Ryan’s plan to tax retirement income needs to be deep-sixed
State Rep. Frank Ryan, R-Lebanon, does not advocate taxing retirees’ Social Security benefits to help boost Pennsylvania’s coffers.
However, he is wrong in advocating that those former workers, who paid taxes that helped keep the state government afloat throughout their employment years, should do so again through taxing of any other retiree benefits that they are collecting.
Ryan is planning to launch a statewide tour that he hopes will build senior citizens’ support for the plan. Would it really be a surprise if no one shows up?
Or, more realistically, at each of Ryan’s stops, including Mifflin or Juniata counties, if he decides to venture here, seniors should pack whatever meeting venue is used to let it be known that he should quickly deep-six his idea and pray that his constituents don’t express their opinions by helping to defeat him next year if he seeks re-election.
His proposed House Bill 13 has the potential to be a very unlucky number for him.
The idea behind Ryan’s initiative is to eliminate the school property tax. It is an idea that has surfaced in the past but never got anywhere, because of the complexities tied to a revision.
One impediment has been that past plans usually have left a window open for reinstituting the school property tax if serious financial problems dictated.
Even if the school property tax wouldn’t come back, property owners still will receive their real estate tax bills for county and municipal taxes.
As tempting as property-tax elimination might seem to be, the proverbial can of worms would be lurking close by, waiting for the opportunity for a school property tax rebirth.
Ryan’s current goal apparently is not to increase the tax load on those currently working — people who generally aren’t burdened with the fixed-income challenges of retirees. Fixed incomes or not, Ryan wants to focus his money grab on retired people, many of whom already are having difficulty deciding whether to buy food or medicines.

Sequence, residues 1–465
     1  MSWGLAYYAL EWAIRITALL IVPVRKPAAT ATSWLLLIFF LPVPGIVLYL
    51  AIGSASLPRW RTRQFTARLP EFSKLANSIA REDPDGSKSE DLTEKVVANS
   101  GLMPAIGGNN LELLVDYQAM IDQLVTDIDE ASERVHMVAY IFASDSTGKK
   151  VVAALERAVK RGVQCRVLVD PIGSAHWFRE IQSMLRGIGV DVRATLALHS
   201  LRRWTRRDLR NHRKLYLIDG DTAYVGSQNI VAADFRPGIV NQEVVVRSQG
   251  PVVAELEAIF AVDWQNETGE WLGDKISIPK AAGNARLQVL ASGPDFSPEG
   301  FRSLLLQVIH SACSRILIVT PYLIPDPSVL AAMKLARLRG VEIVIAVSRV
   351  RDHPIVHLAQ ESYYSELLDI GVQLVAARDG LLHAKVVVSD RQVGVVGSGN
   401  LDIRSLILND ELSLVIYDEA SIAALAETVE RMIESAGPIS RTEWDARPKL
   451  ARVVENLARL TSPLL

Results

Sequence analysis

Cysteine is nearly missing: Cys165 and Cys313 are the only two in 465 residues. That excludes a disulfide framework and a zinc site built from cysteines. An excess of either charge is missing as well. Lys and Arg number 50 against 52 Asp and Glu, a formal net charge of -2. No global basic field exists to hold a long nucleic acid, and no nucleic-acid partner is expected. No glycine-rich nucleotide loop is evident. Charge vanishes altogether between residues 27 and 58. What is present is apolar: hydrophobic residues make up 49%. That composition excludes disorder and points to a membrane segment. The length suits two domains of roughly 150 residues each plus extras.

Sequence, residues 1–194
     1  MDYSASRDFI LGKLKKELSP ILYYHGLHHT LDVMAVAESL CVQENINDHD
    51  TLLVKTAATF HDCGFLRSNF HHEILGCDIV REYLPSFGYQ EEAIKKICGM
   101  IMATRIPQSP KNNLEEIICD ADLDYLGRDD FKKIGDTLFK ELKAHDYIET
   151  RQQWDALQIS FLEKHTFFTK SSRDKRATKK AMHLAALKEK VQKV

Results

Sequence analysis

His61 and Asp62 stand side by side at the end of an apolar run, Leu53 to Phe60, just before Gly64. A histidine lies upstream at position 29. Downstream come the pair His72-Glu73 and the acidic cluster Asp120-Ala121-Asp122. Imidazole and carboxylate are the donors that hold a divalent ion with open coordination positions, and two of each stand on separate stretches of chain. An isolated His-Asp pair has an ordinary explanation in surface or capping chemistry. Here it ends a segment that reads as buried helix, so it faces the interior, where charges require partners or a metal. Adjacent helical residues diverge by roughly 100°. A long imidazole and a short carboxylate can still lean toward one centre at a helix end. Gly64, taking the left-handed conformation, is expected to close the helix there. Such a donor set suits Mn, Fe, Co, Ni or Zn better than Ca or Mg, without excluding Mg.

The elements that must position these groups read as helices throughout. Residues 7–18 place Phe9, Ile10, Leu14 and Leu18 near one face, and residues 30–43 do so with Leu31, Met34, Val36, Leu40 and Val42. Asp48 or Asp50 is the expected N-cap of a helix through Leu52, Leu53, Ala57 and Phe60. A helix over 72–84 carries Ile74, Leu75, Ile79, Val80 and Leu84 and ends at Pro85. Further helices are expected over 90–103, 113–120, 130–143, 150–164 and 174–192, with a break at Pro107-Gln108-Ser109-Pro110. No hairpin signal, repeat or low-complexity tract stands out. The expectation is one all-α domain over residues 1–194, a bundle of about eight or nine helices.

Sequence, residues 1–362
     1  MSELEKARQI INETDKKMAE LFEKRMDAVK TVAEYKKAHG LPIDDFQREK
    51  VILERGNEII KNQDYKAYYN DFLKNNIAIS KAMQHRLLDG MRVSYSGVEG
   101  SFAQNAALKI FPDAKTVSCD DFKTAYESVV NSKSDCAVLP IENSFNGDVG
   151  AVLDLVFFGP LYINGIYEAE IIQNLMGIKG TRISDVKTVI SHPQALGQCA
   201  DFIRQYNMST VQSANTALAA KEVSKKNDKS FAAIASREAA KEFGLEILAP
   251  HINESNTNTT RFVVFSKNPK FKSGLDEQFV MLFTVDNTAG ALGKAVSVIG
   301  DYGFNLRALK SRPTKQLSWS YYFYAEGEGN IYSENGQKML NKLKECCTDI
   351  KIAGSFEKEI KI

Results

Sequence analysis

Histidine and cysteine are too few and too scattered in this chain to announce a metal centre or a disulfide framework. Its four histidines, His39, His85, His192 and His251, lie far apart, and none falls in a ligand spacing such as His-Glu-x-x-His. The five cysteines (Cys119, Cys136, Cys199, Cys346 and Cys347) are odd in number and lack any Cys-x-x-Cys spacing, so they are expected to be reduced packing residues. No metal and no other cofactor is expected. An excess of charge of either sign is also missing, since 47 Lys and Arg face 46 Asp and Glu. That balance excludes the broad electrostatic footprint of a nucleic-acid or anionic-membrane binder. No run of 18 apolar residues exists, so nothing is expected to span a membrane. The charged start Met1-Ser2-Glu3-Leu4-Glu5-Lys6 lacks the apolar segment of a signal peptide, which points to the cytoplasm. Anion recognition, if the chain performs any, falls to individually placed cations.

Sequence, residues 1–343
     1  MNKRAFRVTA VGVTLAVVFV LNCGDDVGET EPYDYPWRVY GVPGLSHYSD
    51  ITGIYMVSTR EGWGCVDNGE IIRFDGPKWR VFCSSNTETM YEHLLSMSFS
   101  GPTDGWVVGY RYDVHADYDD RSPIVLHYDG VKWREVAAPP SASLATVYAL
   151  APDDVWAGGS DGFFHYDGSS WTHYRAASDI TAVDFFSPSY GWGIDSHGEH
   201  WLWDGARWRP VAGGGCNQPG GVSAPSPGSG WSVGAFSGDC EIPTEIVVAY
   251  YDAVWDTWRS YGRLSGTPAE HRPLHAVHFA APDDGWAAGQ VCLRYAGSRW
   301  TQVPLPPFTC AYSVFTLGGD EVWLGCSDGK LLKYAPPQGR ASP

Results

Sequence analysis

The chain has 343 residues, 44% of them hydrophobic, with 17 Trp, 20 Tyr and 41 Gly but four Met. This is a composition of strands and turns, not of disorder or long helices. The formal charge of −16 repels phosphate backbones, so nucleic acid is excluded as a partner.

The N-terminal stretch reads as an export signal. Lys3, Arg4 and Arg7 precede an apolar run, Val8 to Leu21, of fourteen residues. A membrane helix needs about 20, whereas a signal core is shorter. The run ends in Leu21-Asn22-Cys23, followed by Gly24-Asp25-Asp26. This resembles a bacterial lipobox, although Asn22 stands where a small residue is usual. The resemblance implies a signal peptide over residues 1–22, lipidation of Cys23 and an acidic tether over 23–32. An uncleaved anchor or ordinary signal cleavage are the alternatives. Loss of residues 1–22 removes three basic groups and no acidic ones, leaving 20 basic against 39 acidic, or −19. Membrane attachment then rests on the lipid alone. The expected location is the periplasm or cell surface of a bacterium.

If Ryan is so concerned about the state’s finances, he should be delving into state historical records, especially one involving a small, temporary income tax hike that would be guaranteed to end when the temporary additional levy’s expiration date arrived.
The problem with Pennsylvania is that there’s not enough bipartisan, constructive dialogue for problem-solving, fiscal or otherwise. That provides an opening for poorly thought-out plans that never should end up on paper — like Ryan’s — but which so often do.
It is to be hoped that the Juniata Valley’s state lawmakers and most others across the commonwealth won’t be duped into jumping aboard Ryan’s rickety money “vehicle” that probably doesn’t have any realistic chance of achieving all that Ryan hopes to achieve.
Ryan admitted on Aug. 20 that “this is not going to be an easy sell,” despite expressing the view that a tax on retirement income is inevitable because of the Keystone State’s intertwined demographic and fiscal situation.
But it is not going to happen in 2019 or 2020 or anytime soon beyond that, and local seniors should be vocal in asserting that message.
New ideas always should be welcomed. However, bad ones, like this one from Ryan, should be discarded without hesitation, and certainly without a useless statewide tour to cement that message.